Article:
ZOO Digital Arts: Designing E-Books to Enhance the Story

In Children's by Dennis Abrams

“We spend a lot of time telling people what is possible.”

By Dennis Abrams

According to Clynton Hunt, vice president digital books at ZOO Digital Arts, when discussing enhanced e-books with publishers, generally speaking they think you’re talking about just adding a bit of narration, turning it into a read-aloud story. “When you’re talking about enhanced, the general consensus is that it’s voice or a bit of video, when in fact it’s a lot more than that. But it’s all so new that you can, in fact, replicate a lot of the features in an app in the form of an e-book.”

Clynton Hunt

ZOO Digital Arts is a company with a long history of digital storytelling, starting with Hollywood films, moving into interactive games and finally diversifying into interactive education solutions, and expanding across multiple digital formats. They have worked with global properties such as Harry Potter and Scooby Doo, Lego and Barbie, developing innovative game concepts that are rich in narrative while at the same time pushing the boundaries of what’s possible in interactive features.

The ZOO Digital Arts team has also developed numerous interactive education solutions ranging from K–12 study aids all the way to educational gaming for companies such as National Geographic and The History Channel. “Through our parent company ZOO Digital Inc., we were at the forefront of fixed layout production, having developed conversion tools that helped bring illustrated and highly visual books to devices such as the iPad and Nook Color. Today, conversion remains a part our business, including licensing of our tools for publishers to use, but enhanced e-books are what really excites us.”

They have applied their characteristic design approach to e-books, where their focus is, always, on the story. “If you speak to a publisher about a new book, or a new author, the focus is not on the format, it’s on the story,” said Hunt. “But when you talk about e-books, the discussion is always about the technology. But it’s still the story, that’s still the beginning and the end. You really have to understand the story, understand the theme, and understand the changing mood as the story progresses. You then design enhanced treatments that are consistent with what’s happening on the pages. Somber or reflective scenes should not offer readers the ability to throw rocks in the pond. But even so, at the end of the day, if we’re not satisfying the reader’s expectations, we’ve failed.”

“Our focus is taking an existing story in a print form, and instead of creating an aesthetic digital page-turning experience in an e-book, we say, ‘let’s give the reader something a lot more compelling that will meet their expectations. Kids are familiar with what’s possible in an iPad. They expect that they can touch, they can drag or drop, and it’s exciting for them — they don’t know what’s going to happen. And until very recently, the experience with books from the iPad store is that you can touch but it doesn’t do anything. No drag, no writing, no quizzes or puzzles or word search. But that’s the kind of thing that kids want. So that not only opens up possibilities for storybooks, but it also opens up the opportunities for publishers in workbooks and puzzle books that publishers have assumed can only be done in apps. Showcase titles, enhanced books that enhance the story: it’s still the story, and it’s the experience that kids expect to have.”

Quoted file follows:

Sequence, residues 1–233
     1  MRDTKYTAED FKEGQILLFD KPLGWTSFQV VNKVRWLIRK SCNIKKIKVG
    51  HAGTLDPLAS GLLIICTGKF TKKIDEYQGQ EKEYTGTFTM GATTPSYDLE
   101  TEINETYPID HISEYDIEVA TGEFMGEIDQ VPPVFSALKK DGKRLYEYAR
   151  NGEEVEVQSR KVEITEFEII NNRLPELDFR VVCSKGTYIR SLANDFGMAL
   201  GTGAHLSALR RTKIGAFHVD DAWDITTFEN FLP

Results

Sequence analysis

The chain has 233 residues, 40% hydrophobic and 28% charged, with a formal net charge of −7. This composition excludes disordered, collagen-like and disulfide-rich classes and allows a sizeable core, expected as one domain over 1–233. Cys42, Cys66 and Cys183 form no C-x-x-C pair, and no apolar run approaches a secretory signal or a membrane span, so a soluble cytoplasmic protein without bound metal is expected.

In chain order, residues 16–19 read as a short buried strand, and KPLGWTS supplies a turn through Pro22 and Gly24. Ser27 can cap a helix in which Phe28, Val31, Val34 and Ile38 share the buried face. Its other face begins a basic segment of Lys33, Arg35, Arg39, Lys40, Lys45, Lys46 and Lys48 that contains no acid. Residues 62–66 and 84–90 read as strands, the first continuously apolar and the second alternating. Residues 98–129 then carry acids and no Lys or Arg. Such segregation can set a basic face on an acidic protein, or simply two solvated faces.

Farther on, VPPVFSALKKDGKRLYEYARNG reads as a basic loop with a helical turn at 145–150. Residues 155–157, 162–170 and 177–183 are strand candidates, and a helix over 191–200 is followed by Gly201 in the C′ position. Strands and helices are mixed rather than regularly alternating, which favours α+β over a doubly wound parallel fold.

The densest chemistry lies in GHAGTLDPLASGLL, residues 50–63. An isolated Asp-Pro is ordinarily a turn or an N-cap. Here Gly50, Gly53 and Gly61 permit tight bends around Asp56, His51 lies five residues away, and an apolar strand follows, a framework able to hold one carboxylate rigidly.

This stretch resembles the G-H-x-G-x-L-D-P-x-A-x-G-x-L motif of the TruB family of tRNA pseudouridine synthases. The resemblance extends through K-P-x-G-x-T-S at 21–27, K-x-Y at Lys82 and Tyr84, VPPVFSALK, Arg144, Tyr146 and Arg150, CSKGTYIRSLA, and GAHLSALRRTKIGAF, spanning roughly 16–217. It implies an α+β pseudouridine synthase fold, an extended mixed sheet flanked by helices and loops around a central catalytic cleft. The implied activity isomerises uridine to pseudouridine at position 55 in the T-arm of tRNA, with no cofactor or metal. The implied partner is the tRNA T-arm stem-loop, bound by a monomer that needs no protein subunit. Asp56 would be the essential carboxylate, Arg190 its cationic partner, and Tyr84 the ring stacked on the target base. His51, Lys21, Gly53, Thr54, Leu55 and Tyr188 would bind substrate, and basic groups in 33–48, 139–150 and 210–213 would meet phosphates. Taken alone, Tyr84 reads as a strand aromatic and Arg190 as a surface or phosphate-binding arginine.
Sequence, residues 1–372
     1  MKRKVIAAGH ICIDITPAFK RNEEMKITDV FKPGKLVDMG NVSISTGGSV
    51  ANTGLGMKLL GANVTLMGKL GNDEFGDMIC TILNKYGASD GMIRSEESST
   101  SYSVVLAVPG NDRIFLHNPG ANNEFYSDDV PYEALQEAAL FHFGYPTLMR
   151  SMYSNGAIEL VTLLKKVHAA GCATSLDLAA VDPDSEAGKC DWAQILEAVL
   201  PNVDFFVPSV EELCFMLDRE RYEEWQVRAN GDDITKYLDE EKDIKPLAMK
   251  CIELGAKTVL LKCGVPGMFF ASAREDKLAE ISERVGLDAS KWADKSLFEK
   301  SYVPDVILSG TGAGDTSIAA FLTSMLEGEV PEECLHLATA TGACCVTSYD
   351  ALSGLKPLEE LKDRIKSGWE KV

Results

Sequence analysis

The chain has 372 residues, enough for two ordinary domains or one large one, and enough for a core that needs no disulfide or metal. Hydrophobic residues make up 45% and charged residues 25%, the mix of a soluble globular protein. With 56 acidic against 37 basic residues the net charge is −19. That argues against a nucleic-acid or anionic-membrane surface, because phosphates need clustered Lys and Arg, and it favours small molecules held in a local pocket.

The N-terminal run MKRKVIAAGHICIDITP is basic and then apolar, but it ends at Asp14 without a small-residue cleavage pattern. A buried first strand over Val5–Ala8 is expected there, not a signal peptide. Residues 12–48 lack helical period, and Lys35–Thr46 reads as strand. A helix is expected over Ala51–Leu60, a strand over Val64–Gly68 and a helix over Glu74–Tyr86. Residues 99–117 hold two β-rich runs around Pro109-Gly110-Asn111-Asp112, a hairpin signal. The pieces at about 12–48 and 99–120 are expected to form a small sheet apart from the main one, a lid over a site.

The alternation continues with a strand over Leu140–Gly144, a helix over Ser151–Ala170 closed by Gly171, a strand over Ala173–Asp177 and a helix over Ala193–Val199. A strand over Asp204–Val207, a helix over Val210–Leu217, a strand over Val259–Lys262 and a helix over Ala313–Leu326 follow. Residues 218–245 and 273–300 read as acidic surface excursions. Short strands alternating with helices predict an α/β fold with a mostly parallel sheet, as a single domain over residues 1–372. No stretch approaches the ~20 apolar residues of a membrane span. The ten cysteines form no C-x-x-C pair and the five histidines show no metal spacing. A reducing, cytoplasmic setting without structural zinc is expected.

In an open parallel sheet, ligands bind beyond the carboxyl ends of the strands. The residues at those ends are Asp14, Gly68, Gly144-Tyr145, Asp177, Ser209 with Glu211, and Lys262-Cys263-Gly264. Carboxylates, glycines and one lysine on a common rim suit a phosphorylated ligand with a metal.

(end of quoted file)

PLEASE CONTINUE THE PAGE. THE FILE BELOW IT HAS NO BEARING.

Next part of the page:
For Hunt, it’s a question of finding the balance between enhanced features that complement a story and those that overpower the story and are merely distraction.“The last thing we or publishers want is to turn a book into a game. The story must always remain central to the experience. Our digital editors devote an enormous amount of time to developing features and interactive effects that blend and feel entirely natural to the progression of the story.” And ZOO is adamant that every book should be treated differently. “E-book apps can be very formulaic. The story has to fit within the structure of the e-book app template that has been developed. The e-books all play the same way and offer the same set of features even if the stories themselves are very different. We don’t do that. Just as the original stories don’t follow a pre-defined template, neither does our process as we define enhanced treatments unique to the individual story.”

About the Author

Dennis Abrams

Dennis Abrams is a contributing editor for Publishing Perspectives, responsible for news, children's publishing and media. He's also a restaurant critic, literary blogger, and the author of "The Play's The Thing," a complete YA guide to the plays of William Shakespeare published by Pentian, as well as more than 30 YA biographies and histories for Chelsea House publishers.